A [Kind of] Quick Introduction to Process Mapping

If you’ve ever caught yourself saying any of the following things:

  • There has to be a better way of doing this.
  • Ever since (insert name here) left the company we don’t know our own process anymore.
  • Wait, I’m supposed to be doing what again?

…then process mapping might be for you!

Hi, Levi Roth, here! Let me start by saying that I was drawn to process mapping as someone who has a passion for identifying and improving upon areas of opportunity within my organization. I’m excited to share insights and information I have learned along the way with those who share a similar passion or interest (or really anyone who needs a way to better understand their organization’s currents for the sake of capitalizing on strengths and addressing problematic areas. Who you are matters less, right? Because whether you’re an evaluator (internal or external), analyst, or program director, processes exist everywhere…and ultimately, we all seek to be as efficient and effective as possible. Okay, enough back story — let’s get started!

First off, let’s take a quick look at what I mean by a process map and discuss its purposes. I like to think of a process map as a planning and management tool that visually describes the flow of work. You can apply process maps to nearly anything; picking up groceries, cooking, getting ready for school/work, complex business processes, etc. If there are tasks to complete that have consecutive or sequential steps, you can map it. Creating a process map can help you and your organization in a variety of ways.

Process maps can:

  • Identify
    • Bottlenecks (i.e. a part of a process or procedure where progress is hindered within an organization)
    • Repetitions (i.e. an inefficient use of resources)
    • Delays (this one speaks for itself, right?)
  • Define
    • Process Ownership
      • Who will be ensuring that this process is properly followed? Typically these individuals are the Subject Matter Experts (SMEs) of the process, can be considered a champion of the process, and have the ability to effectively communicate with other roles within the process to make sure it is being followed efficiently.  Tasks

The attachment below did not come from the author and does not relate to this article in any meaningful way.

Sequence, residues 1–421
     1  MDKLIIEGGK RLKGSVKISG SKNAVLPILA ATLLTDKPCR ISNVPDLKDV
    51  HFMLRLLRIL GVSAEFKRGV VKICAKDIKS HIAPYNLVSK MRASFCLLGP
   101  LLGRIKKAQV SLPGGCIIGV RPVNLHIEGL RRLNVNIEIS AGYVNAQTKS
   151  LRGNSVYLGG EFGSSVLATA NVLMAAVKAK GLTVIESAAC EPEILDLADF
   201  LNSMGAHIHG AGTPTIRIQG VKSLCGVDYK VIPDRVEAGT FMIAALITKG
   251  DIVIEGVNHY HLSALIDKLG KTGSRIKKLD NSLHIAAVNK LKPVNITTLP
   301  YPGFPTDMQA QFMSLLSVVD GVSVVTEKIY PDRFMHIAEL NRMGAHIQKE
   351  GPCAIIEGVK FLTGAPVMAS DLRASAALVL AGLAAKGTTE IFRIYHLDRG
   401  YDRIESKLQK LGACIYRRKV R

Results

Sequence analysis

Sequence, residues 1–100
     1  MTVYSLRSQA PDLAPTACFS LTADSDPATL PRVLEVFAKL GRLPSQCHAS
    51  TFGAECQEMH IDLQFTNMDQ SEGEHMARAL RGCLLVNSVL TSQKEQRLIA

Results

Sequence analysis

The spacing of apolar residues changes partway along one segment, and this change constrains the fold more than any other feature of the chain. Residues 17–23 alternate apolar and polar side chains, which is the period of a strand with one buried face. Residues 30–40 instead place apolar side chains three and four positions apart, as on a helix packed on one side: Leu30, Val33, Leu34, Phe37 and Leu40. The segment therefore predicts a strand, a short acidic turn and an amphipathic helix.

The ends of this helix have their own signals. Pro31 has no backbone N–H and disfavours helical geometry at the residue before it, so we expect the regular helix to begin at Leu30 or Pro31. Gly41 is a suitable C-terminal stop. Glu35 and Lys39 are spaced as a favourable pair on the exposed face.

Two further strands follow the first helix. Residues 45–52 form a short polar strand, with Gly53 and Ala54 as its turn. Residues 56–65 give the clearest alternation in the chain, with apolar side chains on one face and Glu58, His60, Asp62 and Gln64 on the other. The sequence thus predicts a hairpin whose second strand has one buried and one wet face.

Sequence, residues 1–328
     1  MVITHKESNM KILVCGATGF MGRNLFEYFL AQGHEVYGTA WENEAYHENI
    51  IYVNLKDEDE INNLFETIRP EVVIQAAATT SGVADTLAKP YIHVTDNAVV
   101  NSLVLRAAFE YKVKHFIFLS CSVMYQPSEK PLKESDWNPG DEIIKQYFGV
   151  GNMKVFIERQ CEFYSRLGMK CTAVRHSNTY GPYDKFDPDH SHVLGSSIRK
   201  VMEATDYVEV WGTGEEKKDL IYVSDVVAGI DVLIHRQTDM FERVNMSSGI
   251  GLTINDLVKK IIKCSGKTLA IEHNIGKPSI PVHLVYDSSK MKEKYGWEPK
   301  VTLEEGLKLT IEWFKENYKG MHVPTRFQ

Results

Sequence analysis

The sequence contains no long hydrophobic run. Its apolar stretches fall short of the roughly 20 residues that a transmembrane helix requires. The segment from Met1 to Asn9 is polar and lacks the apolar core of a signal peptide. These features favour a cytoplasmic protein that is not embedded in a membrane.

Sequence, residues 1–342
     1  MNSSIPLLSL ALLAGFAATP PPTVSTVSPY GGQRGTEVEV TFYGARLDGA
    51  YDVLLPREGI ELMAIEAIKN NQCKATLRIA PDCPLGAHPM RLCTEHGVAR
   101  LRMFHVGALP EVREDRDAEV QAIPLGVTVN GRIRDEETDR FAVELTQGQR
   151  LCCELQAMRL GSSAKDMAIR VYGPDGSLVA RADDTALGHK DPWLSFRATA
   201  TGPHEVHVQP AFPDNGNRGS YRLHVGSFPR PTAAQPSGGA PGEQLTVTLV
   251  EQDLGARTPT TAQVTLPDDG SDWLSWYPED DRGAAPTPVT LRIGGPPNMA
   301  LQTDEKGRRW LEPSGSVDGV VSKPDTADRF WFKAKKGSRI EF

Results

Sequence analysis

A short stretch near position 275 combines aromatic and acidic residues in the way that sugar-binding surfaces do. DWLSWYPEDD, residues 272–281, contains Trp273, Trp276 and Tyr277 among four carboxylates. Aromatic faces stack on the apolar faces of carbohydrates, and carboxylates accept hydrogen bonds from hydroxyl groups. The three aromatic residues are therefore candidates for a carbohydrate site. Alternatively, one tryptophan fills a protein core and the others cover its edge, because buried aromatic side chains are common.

• These are the specific sequential tasks that are established within the process itself. Let’s look at some of the basic tasks involved in one of the processes I’ve mentioned previously: picking up groceries! Some example tasks could be: taking inventory of groceries at home, finding recipes you want to make for the week, create a grocery list of items still needed, etc. Roles and Responsibilities
      • This part is the most crucial for the success of creating process improvement and often times is overlooked. It is important to establish clear roles within the process and the responsibilities that are associated with them.
  • Provide Insights
    • Having the key stakeholders in the room at the same time to go through the process can also help raise other issues that may be happening. This is where we can start to gather insights on potential issues within the process.
  • Allows Brainstorming Opportunities for Process Improvement
    • This often times rolls into the Provide Insights portion quite well. From my experience, during the As-Is process mapping meeting individuals will already start brainstorming ideas on how to improve the process.
  • Provides Process Documentation